She came into my bedroom and reported the situation. I was confused. Was I still in DC and listening to some early morning cable news show? I was in Cosmo Kramer mode, but even less coherent. We chalked the situation up to language confusion and a case of knocking on the wrong door. Twenty minutes later, the same two men were knocking outside of our door again. Again, Amanda said “Hello?” and they didn’t respond. No words. They lingered a while, then disappeared.

Amanda and I have traveled enough to know that you shouldn’t be ethnocentric when dealing with other cultures. However, the men at the door did not say a word. And this freaked us out. So, we decided to leave the apartment at once. In a flurry, we threw our stuff into our suitcases, and booked a hotel room across the city near the U.S. Embassy, in a different and somewhat safer part of town. We both were due to fly out the next day, but we didn’t want to take any chances.

We checked in to the hotel, feeling safe and secure, and we were hungry because we hadn’t really eaten that day. The hotel was a well-known U.S.-based international chain, so we felt safe ordering food, especially given Amanda’s food allergies. We ordered some wine, and perused the menu in good spirits. The menu consisted 95% of Ukrainian language descriptions, with 5% English words thrown in for good measure.

What happened next might be every anaphylactic traveler’s worst nightmare. Amanda took a couple of bites of her limp lasagna that resembled grey roadkill, and then looked at me with wide eyes. I saw her expression and immediately started panicking. I knew what that expression meant. Amanda doesn’t make this face often.

I will never forget the next few moments. She said I think I might be allergic to something in this lasagna.” She started feeling a potential reaction, and was completely unsure of the ingredients. She sat very still for a few moments, which truly felt like an eternity, trying to assess if she was in fact having an allergic reaction to her meal.  She took an anti-histamine to slow any potential reaction.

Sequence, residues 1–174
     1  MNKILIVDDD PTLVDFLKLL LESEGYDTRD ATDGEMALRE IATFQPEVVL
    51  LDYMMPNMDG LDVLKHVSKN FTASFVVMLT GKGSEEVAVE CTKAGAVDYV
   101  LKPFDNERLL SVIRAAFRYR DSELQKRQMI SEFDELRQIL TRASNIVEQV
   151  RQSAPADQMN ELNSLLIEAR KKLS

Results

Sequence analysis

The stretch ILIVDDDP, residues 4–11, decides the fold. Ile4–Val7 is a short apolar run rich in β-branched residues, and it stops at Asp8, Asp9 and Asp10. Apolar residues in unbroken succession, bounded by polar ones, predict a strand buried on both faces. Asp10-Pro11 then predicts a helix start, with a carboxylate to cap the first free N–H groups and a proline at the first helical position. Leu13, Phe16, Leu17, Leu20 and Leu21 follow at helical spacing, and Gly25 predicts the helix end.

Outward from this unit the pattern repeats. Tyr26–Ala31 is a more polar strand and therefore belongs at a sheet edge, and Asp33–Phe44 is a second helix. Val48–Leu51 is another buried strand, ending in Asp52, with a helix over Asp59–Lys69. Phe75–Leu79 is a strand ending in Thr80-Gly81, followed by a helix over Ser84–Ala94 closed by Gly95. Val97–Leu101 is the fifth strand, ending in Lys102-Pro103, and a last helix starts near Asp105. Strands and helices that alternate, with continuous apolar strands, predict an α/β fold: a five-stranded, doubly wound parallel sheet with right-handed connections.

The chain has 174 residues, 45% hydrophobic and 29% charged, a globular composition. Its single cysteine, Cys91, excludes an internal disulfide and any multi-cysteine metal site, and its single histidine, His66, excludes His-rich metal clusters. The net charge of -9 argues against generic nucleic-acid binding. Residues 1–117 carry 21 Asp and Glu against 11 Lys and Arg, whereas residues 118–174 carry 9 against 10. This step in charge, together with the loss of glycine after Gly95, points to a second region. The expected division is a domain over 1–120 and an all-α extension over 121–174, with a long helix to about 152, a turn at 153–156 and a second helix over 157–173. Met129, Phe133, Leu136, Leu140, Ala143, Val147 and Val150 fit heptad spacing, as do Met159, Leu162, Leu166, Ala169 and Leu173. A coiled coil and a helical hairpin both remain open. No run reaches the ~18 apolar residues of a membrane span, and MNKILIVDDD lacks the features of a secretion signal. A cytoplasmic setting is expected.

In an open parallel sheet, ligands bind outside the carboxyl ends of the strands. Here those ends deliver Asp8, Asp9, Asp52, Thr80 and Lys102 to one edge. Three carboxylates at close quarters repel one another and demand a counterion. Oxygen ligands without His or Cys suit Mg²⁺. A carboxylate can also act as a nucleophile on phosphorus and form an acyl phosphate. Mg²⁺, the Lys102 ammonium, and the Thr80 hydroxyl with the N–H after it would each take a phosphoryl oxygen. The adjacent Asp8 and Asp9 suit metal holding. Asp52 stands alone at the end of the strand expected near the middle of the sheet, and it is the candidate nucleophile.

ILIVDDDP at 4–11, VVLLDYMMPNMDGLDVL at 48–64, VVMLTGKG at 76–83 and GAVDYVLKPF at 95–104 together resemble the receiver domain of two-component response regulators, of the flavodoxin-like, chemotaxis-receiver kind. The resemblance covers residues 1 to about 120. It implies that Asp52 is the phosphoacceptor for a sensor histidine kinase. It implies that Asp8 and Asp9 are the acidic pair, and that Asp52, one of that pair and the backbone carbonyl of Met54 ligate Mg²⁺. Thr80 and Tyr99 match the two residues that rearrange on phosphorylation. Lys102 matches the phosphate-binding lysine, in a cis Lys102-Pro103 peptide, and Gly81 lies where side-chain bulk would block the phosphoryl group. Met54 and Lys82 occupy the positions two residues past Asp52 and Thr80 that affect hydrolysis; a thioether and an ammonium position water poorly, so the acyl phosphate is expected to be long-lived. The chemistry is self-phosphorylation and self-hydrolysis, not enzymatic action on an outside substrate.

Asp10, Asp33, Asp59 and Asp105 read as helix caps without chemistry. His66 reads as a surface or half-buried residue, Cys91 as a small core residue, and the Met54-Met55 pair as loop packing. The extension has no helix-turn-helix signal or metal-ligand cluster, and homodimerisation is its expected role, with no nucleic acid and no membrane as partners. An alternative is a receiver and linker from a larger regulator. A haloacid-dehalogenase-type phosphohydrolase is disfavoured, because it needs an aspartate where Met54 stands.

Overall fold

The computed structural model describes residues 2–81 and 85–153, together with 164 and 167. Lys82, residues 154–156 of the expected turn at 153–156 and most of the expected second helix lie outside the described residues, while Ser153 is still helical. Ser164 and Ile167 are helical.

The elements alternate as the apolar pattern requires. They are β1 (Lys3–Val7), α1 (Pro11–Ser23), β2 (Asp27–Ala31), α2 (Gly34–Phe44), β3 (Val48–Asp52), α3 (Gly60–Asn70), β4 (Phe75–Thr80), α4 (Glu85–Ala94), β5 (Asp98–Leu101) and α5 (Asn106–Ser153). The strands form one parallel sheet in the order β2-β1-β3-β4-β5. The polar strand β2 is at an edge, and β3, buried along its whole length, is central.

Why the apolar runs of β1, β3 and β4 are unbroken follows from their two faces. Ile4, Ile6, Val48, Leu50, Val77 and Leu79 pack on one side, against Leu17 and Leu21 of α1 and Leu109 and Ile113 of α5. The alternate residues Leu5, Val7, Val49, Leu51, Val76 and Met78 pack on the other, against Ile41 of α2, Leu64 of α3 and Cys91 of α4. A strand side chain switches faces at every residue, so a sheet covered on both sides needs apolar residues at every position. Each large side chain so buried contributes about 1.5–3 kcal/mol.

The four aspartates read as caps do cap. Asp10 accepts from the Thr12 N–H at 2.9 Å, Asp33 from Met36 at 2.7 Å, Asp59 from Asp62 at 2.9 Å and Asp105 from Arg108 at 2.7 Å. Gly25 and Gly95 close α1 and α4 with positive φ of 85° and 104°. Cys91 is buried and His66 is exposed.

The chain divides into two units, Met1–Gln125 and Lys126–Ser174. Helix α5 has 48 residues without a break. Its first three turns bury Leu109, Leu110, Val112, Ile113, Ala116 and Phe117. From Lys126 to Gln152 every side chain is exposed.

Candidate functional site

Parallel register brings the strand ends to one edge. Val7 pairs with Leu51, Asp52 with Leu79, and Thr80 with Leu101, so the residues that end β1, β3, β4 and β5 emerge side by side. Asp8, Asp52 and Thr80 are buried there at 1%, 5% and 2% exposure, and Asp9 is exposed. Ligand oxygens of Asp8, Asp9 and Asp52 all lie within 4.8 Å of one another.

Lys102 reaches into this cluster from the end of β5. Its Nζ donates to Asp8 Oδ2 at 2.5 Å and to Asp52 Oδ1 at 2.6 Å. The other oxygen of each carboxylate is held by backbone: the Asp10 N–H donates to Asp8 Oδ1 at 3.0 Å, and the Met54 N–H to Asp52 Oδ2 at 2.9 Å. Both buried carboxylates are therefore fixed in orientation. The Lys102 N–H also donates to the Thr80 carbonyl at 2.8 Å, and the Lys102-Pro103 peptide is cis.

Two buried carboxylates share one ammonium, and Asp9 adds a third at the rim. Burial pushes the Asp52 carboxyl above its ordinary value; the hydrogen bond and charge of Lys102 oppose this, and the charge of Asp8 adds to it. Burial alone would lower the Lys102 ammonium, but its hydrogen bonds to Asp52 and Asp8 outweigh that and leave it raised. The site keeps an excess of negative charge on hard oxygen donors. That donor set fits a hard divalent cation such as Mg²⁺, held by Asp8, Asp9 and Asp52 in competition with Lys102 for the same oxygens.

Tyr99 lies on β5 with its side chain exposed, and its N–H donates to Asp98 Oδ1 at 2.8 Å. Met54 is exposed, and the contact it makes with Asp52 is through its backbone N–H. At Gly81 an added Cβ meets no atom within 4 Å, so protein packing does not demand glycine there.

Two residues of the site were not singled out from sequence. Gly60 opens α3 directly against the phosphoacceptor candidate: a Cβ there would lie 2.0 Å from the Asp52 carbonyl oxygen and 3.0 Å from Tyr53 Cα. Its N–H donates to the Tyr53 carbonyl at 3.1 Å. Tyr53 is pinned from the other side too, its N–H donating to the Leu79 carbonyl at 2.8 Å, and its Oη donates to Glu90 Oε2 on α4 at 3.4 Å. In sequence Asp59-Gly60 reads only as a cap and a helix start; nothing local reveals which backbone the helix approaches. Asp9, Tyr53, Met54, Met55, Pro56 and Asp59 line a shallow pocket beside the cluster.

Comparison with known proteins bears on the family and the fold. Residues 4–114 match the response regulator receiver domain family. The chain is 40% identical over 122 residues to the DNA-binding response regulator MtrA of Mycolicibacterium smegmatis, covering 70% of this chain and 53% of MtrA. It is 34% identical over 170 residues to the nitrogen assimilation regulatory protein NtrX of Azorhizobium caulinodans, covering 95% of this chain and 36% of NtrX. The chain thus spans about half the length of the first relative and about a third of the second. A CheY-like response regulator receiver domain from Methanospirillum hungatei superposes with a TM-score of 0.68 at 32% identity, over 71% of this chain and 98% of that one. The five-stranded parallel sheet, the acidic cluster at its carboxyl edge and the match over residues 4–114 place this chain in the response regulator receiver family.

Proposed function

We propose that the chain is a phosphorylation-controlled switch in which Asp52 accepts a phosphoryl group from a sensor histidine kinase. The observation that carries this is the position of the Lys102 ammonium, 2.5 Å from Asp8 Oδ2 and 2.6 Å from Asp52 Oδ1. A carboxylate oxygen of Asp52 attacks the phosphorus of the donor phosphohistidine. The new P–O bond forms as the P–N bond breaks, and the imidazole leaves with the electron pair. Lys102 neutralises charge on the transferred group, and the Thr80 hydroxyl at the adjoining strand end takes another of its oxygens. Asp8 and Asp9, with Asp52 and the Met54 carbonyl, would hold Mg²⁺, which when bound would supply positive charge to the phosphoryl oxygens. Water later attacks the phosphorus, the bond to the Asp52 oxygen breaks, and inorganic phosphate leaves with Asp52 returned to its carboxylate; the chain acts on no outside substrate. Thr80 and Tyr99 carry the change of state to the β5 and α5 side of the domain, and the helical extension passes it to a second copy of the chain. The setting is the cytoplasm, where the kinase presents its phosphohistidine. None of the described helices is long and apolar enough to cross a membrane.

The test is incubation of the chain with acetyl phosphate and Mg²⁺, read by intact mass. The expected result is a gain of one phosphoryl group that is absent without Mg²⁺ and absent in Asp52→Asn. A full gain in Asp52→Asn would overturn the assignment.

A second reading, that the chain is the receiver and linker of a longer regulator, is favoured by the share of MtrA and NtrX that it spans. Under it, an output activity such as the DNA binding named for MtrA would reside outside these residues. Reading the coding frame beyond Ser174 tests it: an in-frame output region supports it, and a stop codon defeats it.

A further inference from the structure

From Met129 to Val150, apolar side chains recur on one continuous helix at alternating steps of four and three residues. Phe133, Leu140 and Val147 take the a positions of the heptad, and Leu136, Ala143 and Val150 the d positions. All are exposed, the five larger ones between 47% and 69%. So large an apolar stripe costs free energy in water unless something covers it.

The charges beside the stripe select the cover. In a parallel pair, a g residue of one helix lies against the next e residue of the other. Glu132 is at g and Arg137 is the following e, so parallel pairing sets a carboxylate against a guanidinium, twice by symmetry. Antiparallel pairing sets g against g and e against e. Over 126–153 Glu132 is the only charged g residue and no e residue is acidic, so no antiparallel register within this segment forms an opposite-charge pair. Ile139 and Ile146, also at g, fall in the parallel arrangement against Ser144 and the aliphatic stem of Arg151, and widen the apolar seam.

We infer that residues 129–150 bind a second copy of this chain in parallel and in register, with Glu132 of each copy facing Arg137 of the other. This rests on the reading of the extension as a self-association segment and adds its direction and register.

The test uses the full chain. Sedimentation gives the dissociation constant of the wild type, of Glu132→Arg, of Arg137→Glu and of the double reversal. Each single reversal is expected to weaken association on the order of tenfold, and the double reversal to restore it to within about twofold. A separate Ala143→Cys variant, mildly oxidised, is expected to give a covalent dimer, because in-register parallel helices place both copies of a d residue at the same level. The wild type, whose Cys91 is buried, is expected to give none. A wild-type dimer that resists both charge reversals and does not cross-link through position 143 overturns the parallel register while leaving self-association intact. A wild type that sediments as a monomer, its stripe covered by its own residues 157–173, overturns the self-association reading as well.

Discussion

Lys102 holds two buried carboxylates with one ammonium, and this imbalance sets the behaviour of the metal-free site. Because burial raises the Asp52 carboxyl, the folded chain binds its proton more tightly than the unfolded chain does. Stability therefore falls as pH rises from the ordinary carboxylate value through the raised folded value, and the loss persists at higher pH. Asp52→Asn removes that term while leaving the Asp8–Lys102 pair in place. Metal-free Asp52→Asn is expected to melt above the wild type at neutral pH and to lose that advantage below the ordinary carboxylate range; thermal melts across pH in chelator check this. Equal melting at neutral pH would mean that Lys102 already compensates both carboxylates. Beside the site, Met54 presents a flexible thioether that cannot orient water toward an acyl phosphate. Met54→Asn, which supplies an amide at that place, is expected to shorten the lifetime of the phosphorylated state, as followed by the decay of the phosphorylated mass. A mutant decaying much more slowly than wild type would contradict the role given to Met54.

At the same time, I felt helpless…I looked at the menu again. Trying to keep my wits about me, I did my best (and it was a poor attempt) to translate the Ukrainian menu, and to summon my memory of what Amanda had told me about administering her Epi-Pen. Was it just one pen, or two, that was needed? On the thigh, or in the arm? Does it auto-inject? Do I stab her with it, like in Pulp Fiction? Seriously, does she need one injection or two? How do I open this thing? Oh my God… what do I do?

Amanda was understandably panicking, but also weirdly calm, thinking of what to do next. And, that’s like her. Even in panic, she is calm. As I was reading the menu, nothing other than the words “lasagna” and “pizza” were translatable. We flagged down the waitress to ask her questions, but broken English prevailed, giving us no firm answers.

Amanda rummaged through her purse and got her Epi-Pen ready. I remember asking her quickly how best to administer it, in case I needed to do so for her. The instructions were so lengthy, and the type so small, I felt convinced I would screw it up, and my friend would truly be in peril. I had no one to ask for help, and no idea how to call for an ambulance, if we needed one. And, because I was aware how anaphylaxis works, thanks to Amanda, I knew time was of the essence to make these crucial decisions and take action.

A few more minutes passed. In Amanda’s world, when it comes to anaphylaxis, minutes count. In fact, they matter greatly. Around the five minute mark, she thankfully sighed with relief and said “I think I’m fine.” All clear, Houston.

For Amanda, and for me, the episode was truly harrowing. When traveling, especially outside of the U.S., there are always cultural differences and nuances that increase your vulnerability. In this case, language barriers prevented us from being able to communicate meaningfully with the kitchen staff, and barred us from reading the menu with strong comprehension. The Ukrainian alphabet consists of Cyrillic script, which is largely not translatable to English in the same way that, say, Spanish or German might be.  For example, in Spanish, the word tomato is “tomate”. In general, the Ukrainian language does not afford these types of rough language equivalencies.